How To Properly Clean Your Silverware Drawer And Combat The Crumbs

It's happened again — your silverware drawer has become dirty, and you're overwhelmed by the thought of cleaning it. You are not alone. Due to its residence underneath your kitchen counter where food is prepared, your silverware drawer is unfortunately susceptible to accumulating crumbs, dirt, and that mysterious unpleasant stickiness that raises questions. Even after you've spring cleaned your kitchen, it seems that it's only a matter of time (and meal prep) before debris sneaks its way back inside, which — when not addressed swiftly — can be inviting to pesky bugs and other critters. 

Truth be told, cleaning out that drawer can be tedious, but it doesn't have to be. The good news is that there are some simple, infallible steps to cleaning your silverware drawer properly and ridding it of those crumbs and debris that somehow seem to accumulate no matter how careful you are or how closely you wash your flatware. When completed once a month, you can take that drawer from grimy to sparklingly bright easily and effectively. 

First empty your silverware drawer

The first step to cleaning your silverware drawer is to empty it completely — remove all silverware, your utensil tray, and any drawer lining. Additionally, if you — like many of us — collect various takeout-related odds and ends, such as condiment packets and plastic-wrapped, disposable cutlery, now is the time to declutter the drawer. Decide what you want to keep and what you will use regularly (along with what you'll purge), and where you'll place it all when you're ready to refill your silverware drawer. After all, a clean cutlery drawer should be an organized one, too. 

This is also a good time to determine exactly how much silverware you will return to that drawer after cleaning it. The general rule of thumb is that you should have enough cutlery in your drawer for a full day of meals for each person in your household. Any more and your tray will look cluttered; any less and it will look empty. Do you often entertain and have a lot of extra settings? Keep those in a separate drawer or your dining room sideboard so your main drawer doesn't become too crowded. 

Next, clean your utensil tray

If your utensil tray is stainless steel or plastic, the cleaning process is relatively simple: You'll want to simply wipe it down with some vinegar or your favorite cleaner. For particularly dirty or sticky portions, you can also put them in the dishwasher or soak them in warm, soapy water and scrub them clean. However, it's important to note that some silverware holders can only be placed on the top rack of your dishwasher, so be sure you check your dishwasher's instructions so you don't risk ruining it.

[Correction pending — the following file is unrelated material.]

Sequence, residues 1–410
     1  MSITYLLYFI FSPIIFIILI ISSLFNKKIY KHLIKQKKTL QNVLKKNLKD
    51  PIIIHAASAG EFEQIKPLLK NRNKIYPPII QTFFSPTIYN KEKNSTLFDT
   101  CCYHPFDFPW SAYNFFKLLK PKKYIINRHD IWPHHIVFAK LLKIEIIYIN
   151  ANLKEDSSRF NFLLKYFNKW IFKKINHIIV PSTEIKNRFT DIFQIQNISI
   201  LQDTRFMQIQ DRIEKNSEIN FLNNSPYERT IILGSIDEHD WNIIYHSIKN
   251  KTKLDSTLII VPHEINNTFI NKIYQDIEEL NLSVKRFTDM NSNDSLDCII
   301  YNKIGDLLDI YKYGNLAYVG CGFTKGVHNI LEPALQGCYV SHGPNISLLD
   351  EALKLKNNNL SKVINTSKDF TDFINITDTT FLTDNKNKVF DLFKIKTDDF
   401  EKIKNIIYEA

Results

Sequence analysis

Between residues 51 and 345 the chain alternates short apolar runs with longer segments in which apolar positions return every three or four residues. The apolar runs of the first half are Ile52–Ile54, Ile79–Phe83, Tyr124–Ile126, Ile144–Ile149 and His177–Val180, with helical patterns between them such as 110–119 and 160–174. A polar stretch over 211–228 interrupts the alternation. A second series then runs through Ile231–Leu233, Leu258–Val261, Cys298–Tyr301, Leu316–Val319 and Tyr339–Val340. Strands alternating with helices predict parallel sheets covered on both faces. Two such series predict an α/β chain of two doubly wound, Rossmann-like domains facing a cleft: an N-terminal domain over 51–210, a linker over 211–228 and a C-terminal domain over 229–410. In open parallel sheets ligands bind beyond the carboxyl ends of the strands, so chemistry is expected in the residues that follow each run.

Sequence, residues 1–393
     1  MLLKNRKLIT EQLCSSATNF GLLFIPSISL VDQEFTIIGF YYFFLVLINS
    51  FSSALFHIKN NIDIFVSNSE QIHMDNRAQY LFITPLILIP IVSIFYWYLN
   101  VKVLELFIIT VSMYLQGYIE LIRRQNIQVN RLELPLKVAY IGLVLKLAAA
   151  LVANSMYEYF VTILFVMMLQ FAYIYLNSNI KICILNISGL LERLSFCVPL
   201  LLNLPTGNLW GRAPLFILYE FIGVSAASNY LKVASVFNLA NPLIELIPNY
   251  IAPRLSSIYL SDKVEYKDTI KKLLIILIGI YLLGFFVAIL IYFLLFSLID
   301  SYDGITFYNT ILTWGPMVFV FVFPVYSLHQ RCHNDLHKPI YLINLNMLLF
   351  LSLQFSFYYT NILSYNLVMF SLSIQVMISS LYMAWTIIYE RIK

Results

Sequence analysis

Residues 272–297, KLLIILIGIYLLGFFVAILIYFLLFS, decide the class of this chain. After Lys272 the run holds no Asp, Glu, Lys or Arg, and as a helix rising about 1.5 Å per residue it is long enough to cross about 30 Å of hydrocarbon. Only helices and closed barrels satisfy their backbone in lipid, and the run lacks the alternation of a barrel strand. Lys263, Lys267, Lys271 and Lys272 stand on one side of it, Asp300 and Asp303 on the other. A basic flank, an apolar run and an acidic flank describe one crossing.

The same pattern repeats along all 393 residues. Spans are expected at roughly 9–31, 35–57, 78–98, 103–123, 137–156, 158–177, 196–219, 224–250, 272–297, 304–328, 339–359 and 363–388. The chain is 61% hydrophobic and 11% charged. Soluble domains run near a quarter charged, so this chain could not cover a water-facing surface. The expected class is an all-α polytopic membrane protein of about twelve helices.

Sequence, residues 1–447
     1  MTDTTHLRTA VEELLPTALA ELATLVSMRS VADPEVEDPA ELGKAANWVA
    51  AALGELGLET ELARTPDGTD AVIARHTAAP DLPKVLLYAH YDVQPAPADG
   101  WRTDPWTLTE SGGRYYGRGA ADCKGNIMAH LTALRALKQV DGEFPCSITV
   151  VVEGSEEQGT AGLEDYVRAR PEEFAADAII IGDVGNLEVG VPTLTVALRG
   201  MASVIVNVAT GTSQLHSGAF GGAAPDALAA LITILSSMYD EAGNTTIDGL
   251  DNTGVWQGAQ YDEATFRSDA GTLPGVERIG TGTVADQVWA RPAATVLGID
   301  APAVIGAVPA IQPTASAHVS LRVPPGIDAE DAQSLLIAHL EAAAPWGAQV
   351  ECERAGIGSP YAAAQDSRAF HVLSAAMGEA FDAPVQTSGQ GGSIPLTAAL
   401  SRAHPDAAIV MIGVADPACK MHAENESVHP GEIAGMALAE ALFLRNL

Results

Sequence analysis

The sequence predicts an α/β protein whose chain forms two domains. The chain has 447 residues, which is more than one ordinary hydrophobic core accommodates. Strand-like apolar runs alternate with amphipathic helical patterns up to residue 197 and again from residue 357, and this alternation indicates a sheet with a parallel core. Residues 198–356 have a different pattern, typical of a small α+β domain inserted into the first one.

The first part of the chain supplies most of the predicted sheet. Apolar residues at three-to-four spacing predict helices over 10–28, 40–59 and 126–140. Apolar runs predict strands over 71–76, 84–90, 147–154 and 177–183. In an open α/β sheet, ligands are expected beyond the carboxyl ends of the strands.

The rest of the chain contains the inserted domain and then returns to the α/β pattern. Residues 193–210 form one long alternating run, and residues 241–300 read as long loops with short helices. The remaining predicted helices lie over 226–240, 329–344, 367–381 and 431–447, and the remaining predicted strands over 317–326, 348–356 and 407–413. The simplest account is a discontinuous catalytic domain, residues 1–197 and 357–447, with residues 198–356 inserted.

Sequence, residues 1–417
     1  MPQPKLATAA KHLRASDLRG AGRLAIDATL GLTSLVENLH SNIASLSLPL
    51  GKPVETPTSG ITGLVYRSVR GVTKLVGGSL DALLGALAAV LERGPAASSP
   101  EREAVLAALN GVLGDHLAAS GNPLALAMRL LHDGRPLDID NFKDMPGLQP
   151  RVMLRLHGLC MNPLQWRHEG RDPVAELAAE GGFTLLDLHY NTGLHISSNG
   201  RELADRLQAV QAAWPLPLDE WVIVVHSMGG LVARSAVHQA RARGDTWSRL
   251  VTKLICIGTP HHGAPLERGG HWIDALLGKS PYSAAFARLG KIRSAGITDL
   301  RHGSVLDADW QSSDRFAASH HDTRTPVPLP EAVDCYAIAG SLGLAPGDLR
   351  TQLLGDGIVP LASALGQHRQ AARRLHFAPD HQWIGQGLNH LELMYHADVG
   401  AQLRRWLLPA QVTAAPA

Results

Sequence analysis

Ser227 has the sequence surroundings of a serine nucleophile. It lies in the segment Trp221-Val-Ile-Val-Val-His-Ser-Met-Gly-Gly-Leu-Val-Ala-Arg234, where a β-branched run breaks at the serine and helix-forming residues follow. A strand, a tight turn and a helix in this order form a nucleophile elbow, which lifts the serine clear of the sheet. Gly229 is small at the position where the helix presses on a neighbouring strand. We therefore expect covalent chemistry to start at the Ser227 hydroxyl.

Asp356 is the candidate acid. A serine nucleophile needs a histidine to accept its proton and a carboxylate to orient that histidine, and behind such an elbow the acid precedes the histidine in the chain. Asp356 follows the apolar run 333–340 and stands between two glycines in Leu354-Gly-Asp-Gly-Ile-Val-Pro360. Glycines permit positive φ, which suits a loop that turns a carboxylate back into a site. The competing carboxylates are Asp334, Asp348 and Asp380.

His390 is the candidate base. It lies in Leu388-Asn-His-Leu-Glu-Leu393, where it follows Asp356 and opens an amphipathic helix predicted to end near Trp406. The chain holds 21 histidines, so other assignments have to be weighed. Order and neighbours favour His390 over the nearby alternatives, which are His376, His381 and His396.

If you have a bamboo utensil tray, you mustn't put it in the dishwasher as it may not be able to withstand the heat and detergent. Instead, the best cleaning method is scrubbing using a mix of baking soda and soapy water (one part baking soda, two parts soapy water with a mild dish soap). After cleaning with baking soda, you'll want to let your utensil holder sit for a few minutes so it can do its job before rinsing and air-drying. But be sure to let your bamboo utensil holder dry completely, which can take several hours. Otherwise, you risk developing mold if it hasn't dried thoroughly and properly.

Then clean and disinfect the drawer

Once you've removed everything from that silverware drawer, cleaning it is relatively easy. You'll first want to use a handheld vacuum to remove any extraneous crumbs lingering in your drawer space — this will eliminate the need to tackle wet dirt later, which can be a lot harder to clean up. Then, you're free to wipe your drawer down with a slightly damp cloth to remove any stains and stickiness that may be present. To disinfect that drawer, you'll want to spray it down with a vinegar and water solution and leave it for a few minutes before wiping it clean. 

One of the best vinegar hacks you can — and should — use in your kitchen is utilizing it as a non-toxic method of killing bacteria such as salmonella, which can survive for several months and may be lingering in the drawer. But be sure not to use bleach, as it can damage the wood. It's also important to note that wooden drawers can rot when exposed to too much moisture, so you'll want to keep any liquid you use (including water) to a minimum. Follow wiping with a damp rag by wiping down with a dry one; then, you'll want to let your drawer air dry completely before refilling it. 

Lastly, put your utensils back and organize your drawer

When you're ready to return your utensils to your clean, disinfected drawer and utensil tray, be intentional — how (and where) you place your utensils will make a difference in creating a streamlined, clutter-free drawer that makes grabbing the appropriate cutlery for meals quick and easy. Generally, you'll want to place your utensils in the tray with the most-used utensils on the left, down to the least-used on the right. Be sure to place them in their dividers with their handles towards you, and for uniformity, position your knives with their blades facing inwards as you would when setting your table. 

If your organizer has back compartments, feel free to store your non-daily use kitchen utensils there, such as cheese knives, olive forks, and any other dinner party flatware. Repeat this whole process once a month, and you'll have an amazingly pristine silverware drawer. And save cleaning your oven and refrigerator for another day.